Saturday, June 11, 2016

Non-inferiority Trials Are Inherently Biased: Here's Why

Debut VideoCast for the Medical Evidence Blog, explaining non-inferiority trial design and exposing its inherent biases:

In this related blog post, you can find links to the CONSORT statement in the Dec 26, 2012 issue of JAMA and a link to my letter to the editor.

Addendum:  I should have included this in the video.  See the picture below.  In the first example, top left, the entire 95% CI favoring "new" therapy lies in the "zone of indifference", that is, the pre-specified margin of superiority, a mirror image of the "pre-specified margin of noninferiority, in this case delta= +/- 0.15.  Next down, the majority of the 95% CI of the point estimate favoring "new" therapy lies in the "margin of superiority" - so even though the lower end of the 95% CI crosses "mirror delta", the best guess is that the effect of therapy falls in the zone of indifference.  In the lowest example, labeled "Truly Superior", the entire 95% confidence interval falls to the left of "mirror delta" thus reasonable excluding all point estimates in the "zone of indifference" (i.e. +/- delta) and all point estimates favoring the "old" therapy.  This would, in my mind, represent "true superiority" in a logical, rational, and symmetrical way that would be very difficult to mount arguments against.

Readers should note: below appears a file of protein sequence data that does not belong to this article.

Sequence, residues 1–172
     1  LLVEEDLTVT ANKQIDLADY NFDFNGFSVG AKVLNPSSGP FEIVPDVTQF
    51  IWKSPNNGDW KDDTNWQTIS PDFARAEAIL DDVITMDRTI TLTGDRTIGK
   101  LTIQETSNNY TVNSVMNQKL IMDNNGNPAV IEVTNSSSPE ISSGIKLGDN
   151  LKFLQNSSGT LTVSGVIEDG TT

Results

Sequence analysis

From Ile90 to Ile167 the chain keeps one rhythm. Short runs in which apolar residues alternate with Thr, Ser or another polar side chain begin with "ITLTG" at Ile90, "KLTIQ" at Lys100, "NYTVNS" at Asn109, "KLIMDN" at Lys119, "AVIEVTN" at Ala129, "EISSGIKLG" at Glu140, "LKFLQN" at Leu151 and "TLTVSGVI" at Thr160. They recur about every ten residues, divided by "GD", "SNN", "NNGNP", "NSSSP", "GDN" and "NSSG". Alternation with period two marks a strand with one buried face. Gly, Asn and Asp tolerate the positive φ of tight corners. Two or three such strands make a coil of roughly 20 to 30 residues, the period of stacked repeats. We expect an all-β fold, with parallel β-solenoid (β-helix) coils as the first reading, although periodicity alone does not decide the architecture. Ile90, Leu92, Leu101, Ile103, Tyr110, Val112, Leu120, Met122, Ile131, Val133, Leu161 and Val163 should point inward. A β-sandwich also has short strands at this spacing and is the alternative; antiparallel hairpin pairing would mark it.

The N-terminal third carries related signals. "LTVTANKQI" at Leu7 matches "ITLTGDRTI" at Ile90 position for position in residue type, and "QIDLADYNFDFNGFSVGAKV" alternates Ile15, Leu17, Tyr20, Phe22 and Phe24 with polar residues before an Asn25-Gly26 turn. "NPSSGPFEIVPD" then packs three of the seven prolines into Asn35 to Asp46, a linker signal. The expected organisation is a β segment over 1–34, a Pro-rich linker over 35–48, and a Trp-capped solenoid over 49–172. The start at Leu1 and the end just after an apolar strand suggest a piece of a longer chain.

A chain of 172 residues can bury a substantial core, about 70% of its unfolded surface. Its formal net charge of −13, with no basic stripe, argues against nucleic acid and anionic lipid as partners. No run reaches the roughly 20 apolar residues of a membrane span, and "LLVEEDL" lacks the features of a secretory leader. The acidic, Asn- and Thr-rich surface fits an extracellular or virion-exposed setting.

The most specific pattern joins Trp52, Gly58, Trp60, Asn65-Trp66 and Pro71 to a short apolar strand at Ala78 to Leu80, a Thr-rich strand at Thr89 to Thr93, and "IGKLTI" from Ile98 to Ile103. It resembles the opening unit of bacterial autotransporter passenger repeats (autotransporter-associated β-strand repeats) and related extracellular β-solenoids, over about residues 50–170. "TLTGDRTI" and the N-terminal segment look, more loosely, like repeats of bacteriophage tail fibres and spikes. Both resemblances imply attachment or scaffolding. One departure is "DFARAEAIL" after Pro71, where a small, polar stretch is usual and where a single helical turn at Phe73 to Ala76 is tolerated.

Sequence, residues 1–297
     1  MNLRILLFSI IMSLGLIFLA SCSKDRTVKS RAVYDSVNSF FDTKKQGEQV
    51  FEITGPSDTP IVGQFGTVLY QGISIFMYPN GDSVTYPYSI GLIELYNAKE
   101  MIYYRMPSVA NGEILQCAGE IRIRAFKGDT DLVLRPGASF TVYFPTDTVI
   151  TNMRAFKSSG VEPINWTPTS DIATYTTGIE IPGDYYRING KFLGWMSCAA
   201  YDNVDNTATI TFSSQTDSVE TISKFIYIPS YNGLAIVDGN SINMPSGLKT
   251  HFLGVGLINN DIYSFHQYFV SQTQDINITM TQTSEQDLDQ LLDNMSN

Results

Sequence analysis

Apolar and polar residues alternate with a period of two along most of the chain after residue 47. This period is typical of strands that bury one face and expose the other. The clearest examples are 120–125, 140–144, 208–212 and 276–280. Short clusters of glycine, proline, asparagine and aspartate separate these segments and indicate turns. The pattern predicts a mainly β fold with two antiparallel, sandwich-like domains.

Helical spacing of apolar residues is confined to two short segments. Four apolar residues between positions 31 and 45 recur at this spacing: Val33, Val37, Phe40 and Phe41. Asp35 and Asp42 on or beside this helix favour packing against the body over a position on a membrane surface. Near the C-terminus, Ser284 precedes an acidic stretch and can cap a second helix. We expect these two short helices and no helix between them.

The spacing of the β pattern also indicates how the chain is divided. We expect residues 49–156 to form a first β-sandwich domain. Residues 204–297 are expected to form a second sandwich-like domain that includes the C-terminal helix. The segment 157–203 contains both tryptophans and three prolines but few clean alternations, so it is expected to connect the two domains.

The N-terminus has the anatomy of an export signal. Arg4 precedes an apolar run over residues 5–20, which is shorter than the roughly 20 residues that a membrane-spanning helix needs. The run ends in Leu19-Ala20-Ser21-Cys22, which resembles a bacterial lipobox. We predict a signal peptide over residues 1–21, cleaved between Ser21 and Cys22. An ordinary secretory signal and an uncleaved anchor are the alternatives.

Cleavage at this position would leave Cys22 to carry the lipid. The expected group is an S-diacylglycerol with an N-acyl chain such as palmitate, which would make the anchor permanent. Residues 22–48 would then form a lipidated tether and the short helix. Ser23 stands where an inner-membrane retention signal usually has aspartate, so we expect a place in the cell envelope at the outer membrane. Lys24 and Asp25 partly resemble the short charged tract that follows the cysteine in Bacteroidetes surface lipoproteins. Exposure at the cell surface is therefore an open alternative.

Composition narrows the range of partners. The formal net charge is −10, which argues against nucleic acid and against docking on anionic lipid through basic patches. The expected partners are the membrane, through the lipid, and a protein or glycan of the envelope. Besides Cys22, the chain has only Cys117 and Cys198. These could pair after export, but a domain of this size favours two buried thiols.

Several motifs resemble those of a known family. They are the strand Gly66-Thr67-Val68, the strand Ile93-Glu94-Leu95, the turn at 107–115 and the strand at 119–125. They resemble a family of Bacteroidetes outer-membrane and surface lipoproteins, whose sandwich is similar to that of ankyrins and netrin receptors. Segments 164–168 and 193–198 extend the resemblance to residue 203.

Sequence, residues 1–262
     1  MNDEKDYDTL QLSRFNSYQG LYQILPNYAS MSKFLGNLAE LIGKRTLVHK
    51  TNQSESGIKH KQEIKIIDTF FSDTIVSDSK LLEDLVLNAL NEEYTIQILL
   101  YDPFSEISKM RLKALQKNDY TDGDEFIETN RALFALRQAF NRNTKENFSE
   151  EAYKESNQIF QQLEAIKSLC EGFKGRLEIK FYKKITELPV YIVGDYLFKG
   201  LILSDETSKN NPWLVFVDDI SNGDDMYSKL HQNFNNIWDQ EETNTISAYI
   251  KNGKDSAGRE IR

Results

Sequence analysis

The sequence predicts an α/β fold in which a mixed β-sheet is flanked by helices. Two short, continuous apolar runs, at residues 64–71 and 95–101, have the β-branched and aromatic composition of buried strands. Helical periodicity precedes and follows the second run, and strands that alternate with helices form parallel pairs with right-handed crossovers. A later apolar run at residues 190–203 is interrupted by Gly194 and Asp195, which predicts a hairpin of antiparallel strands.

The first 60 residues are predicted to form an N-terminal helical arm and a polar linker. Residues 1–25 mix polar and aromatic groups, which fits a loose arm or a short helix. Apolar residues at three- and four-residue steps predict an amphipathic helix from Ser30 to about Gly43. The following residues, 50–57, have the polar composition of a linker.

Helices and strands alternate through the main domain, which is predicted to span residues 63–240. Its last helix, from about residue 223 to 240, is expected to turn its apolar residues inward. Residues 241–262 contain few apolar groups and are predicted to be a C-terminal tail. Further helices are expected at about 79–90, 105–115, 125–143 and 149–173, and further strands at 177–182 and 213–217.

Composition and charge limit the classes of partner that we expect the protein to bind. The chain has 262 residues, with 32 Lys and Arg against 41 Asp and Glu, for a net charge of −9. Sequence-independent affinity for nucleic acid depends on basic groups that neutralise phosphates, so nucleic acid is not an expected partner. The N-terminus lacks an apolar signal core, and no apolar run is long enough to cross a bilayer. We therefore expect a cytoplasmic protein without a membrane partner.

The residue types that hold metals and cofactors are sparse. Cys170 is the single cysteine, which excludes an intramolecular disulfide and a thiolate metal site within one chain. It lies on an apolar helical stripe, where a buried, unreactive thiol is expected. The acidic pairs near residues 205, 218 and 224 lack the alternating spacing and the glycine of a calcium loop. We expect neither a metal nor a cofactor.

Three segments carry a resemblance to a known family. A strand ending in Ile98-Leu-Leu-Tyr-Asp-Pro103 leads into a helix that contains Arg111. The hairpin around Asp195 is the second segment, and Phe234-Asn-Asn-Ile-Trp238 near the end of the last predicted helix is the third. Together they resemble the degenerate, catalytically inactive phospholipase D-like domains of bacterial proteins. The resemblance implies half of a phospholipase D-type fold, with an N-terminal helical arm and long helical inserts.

Added 9/20/16:  For those who question my assertion that the designation of "New" versus "Old" or "comparator" therapy is arbitrary, here is the proof:  In this trial, the "New" therapy is DMARDs and the comparator is anti-tumour necrosis factor agents for the treatment of rheumatoid arthritis.  The rationale for this trial is that the chronologically newer anti-TNF agents are very costly, and the authors wanted to see if similar improvements in quality of life could be obtained with chronologically older DMARDs.  So what is "new" is certainly in the eye of the beholder.  Imagine colistin 50 years ago, being tested against, say, a newer spectrum penicillin.  The penicillin would have been found to be non-inferior, but with a superior side effect profile.  Fast forward 50 years and now colistin could be the "new" resurrected agent and be tested against what 10 years ago was the standard penicillin but is now "old" because of development of resistance.  Clearly, "new" and "old" are arbitrary and flexible designations.

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